The Southwestern Historical Quarterly, Volume 82, July 1978 - April, 1979

Notes and Documents
"I Am Already Quite a Texan":
Albert J. Myer's Letters from Texas, 1854-1856
Edited by DAVID A. CLARY*
A LBERT JAMES MYER, BEST KNOWN AS THE FATHER OF THE UNITED
States Army Signal Corps and of the United States Weather Serv-
ice, began his military career in Texas in the 185os. Although his so-
journ there lasted only two and one-half years, 1854-1857, it was filled
with interesting adventures. Moreover, Myer1 was blessed with a knack
for detailed and witty observation that make his letters to his prospec-
tive brother-in-law a remarkable and entertaining portrait of the Texas
frontier of the fifties. Myer's account of life in Texas makes a valuable
companion to such better-known commentaries as that of Frederick Law
Olmsted.2
That his Texas service was an adventure for Myer is reflected in the
letters reproduced here, from the originals in the Myer Papers at the
Library of Congress. Myer wrote them to James Walden of Hamburg,
New York, the brother of his betrothed, Catherine Walden, whom he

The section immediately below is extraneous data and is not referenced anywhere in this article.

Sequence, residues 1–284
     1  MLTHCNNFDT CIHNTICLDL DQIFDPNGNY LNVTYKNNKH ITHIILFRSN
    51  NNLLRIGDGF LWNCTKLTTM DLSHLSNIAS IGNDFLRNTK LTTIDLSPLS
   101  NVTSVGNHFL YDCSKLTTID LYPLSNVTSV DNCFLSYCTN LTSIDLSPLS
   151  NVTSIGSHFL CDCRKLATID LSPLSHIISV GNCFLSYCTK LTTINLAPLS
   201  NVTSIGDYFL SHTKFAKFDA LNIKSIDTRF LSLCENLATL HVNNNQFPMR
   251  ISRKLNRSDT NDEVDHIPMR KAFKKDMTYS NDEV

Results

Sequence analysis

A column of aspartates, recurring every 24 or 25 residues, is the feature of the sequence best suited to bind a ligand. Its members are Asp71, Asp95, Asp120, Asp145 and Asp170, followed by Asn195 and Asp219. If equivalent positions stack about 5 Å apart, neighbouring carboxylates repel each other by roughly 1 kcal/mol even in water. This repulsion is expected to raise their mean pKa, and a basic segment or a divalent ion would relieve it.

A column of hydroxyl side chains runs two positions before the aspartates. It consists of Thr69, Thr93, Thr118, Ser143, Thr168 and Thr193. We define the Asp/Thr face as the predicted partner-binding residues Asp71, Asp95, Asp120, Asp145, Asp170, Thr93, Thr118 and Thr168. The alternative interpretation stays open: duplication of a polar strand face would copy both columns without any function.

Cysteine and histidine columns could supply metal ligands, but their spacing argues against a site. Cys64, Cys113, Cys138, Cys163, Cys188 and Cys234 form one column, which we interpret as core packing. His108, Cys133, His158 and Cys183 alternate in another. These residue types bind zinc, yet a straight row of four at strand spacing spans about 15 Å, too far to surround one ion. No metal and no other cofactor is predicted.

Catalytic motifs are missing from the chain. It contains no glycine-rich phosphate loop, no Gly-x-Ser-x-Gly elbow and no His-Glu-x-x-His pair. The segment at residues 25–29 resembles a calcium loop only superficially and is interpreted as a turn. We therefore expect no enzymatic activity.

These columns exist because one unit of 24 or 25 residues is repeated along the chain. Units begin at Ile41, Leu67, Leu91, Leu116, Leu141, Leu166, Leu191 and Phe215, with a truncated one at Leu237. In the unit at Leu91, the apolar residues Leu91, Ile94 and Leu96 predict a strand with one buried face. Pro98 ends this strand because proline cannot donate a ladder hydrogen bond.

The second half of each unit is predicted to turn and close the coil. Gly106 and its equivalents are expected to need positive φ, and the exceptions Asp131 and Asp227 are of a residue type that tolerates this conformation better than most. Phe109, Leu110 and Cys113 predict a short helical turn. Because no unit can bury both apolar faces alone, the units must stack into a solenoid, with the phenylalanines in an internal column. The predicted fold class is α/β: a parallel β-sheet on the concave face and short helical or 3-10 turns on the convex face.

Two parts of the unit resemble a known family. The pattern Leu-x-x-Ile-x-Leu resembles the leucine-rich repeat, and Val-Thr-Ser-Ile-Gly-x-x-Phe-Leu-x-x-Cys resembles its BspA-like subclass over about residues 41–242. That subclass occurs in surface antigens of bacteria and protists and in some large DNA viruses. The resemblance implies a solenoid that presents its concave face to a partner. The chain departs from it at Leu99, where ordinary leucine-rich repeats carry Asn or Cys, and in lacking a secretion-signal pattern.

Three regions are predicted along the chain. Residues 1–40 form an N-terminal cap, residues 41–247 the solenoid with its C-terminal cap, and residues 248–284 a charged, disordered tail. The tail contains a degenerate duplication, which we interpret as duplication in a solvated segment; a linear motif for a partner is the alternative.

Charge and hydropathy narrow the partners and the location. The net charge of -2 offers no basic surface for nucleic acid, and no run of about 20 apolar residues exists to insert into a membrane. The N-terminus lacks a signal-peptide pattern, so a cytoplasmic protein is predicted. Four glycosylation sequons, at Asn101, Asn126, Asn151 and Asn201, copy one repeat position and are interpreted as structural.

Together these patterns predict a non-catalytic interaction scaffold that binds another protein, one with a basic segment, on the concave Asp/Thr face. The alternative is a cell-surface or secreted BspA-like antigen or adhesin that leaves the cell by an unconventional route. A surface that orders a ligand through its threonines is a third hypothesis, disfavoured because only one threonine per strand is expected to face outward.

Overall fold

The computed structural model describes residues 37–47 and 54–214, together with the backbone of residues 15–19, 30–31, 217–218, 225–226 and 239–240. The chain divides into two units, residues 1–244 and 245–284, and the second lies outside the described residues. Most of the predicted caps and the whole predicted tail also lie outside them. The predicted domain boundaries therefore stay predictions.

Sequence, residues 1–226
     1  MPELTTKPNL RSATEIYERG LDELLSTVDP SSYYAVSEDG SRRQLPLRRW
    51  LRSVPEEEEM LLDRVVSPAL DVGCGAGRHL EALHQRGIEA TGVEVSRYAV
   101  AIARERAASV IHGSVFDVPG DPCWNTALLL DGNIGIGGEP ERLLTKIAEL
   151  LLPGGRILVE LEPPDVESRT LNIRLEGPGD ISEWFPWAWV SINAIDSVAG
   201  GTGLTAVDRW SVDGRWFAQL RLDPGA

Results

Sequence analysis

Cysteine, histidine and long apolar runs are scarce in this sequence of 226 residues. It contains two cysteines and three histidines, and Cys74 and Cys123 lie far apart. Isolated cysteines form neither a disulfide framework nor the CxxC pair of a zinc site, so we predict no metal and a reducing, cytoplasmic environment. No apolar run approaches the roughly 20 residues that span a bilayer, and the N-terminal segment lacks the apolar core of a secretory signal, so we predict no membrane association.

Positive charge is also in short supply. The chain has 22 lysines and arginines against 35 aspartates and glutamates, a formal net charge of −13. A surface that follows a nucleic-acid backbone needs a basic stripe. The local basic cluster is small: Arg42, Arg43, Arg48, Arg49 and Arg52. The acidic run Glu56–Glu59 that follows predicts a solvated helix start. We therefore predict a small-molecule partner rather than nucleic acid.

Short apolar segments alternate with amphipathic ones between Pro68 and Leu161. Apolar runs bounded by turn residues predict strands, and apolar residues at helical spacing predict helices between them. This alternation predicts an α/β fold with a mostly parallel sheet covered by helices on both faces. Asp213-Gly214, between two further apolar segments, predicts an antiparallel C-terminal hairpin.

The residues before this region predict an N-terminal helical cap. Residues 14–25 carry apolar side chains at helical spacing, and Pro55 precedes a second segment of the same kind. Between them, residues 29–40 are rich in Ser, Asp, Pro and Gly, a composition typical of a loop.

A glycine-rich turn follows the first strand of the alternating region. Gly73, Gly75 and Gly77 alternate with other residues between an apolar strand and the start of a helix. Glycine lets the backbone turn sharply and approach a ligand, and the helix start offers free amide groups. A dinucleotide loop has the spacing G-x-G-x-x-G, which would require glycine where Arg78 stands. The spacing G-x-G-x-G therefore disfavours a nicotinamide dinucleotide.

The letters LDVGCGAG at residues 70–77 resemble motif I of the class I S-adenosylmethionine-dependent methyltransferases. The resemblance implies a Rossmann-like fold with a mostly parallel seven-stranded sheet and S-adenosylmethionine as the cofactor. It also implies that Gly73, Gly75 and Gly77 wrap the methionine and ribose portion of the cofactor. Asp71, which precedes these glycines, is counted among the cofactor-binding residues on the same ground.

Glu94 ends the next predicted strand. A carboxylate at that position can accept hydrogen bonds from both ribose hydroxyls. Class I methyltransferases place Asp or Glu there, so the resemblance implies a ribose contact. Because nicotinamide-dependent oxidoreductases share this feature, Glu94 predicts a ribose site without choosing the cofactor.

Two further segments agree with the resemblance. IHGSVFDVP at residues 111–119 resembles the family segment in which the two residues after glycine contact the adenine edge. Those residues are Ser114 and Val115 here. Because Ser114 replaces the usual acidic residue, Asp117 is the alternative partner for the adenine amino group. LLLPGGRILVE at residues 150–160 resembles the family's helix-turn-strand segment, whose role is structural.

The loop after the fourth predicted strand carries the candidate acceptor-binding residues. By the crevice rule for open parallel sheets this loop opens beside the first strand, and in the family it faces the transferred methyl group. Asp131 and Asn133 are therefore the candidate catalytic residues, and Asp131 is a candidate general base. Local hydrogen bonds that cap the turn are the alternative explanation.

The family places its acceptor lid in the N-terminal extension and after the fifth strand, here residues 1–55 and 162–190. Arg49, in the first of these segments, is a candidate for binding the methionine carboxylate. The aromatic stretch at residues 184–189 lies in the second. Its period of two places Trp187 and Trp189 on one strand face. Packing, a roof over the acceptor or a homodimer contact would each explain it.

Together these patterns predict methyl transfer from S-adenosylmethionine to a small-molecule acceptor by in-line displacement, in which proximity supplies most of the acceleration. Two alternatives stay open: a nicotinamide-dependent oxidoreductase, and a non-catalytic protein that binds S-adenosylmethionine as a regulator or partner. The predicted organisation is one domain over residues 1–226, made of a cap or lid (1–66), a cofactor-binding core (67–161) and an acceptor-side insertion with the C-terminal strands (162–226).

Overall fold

married on August 24, 1857. Undoubtedly, Myer wrote them to im-
*David A. Clary is the chief historian of the United States Forest Service, Washington,
D.C., and has published a number of works on history and historic preservation. The au-
thor wishes to thank Paul J. Scheips for his counsel and encouragement in this project;
Nicholas J. Bleser, formerly at Fort Davis National Historic Site (now at Tumacacori Na-
tional Monument, Arizona), for letting him borrow and copy some of the Myer Collection
a few years ago, and for various services rendered; William C. Tweed for helping in the
photocopying of the letters; and Russell Smith of the Manuscript Division of the Library
of Congress for his help.
1The most comprehensive biography of Myer is Paul J. Scheips, "Albert James Myer,
Founder of the Army Signal Corps: A Biographical Study" (Ph.D. dissertation, The Amer-
ican University, 1966). Scheips provides an excellent account of Myer's Civil War career in
"Union Signal Communications: Innovations and Conflict," Civil War History, IX (Dec.,
1963), 399-421. See also Martin L. Crimmins, "General Albert J. Myer: The Father of the
Signal Corps," West Texas Historical Association Year Book, XXIX (Oct., 1953), 47-66; and
J. Willard Brown, The Signal Corps, U.S.A., in the War of the Rebellion (Boston, 1896).
2Frederick Law Olmsted, A Journey through Texas; Or, A Saddle-Trip on the South-
western Frontier; with a Statistical Appendix (New York, 1857); see particularly chapter V,
"A Trip over the Frontier," 273-355.

Texas State Historical Association. The Southwestern Historical Quarterly, Volume 82, July 1978 - April, 1979. Austin, Texas. The Portal to Texas History. http://texashistory.unt.edu/ark:/67531/metapth101206/. Accessed October 20, 2014.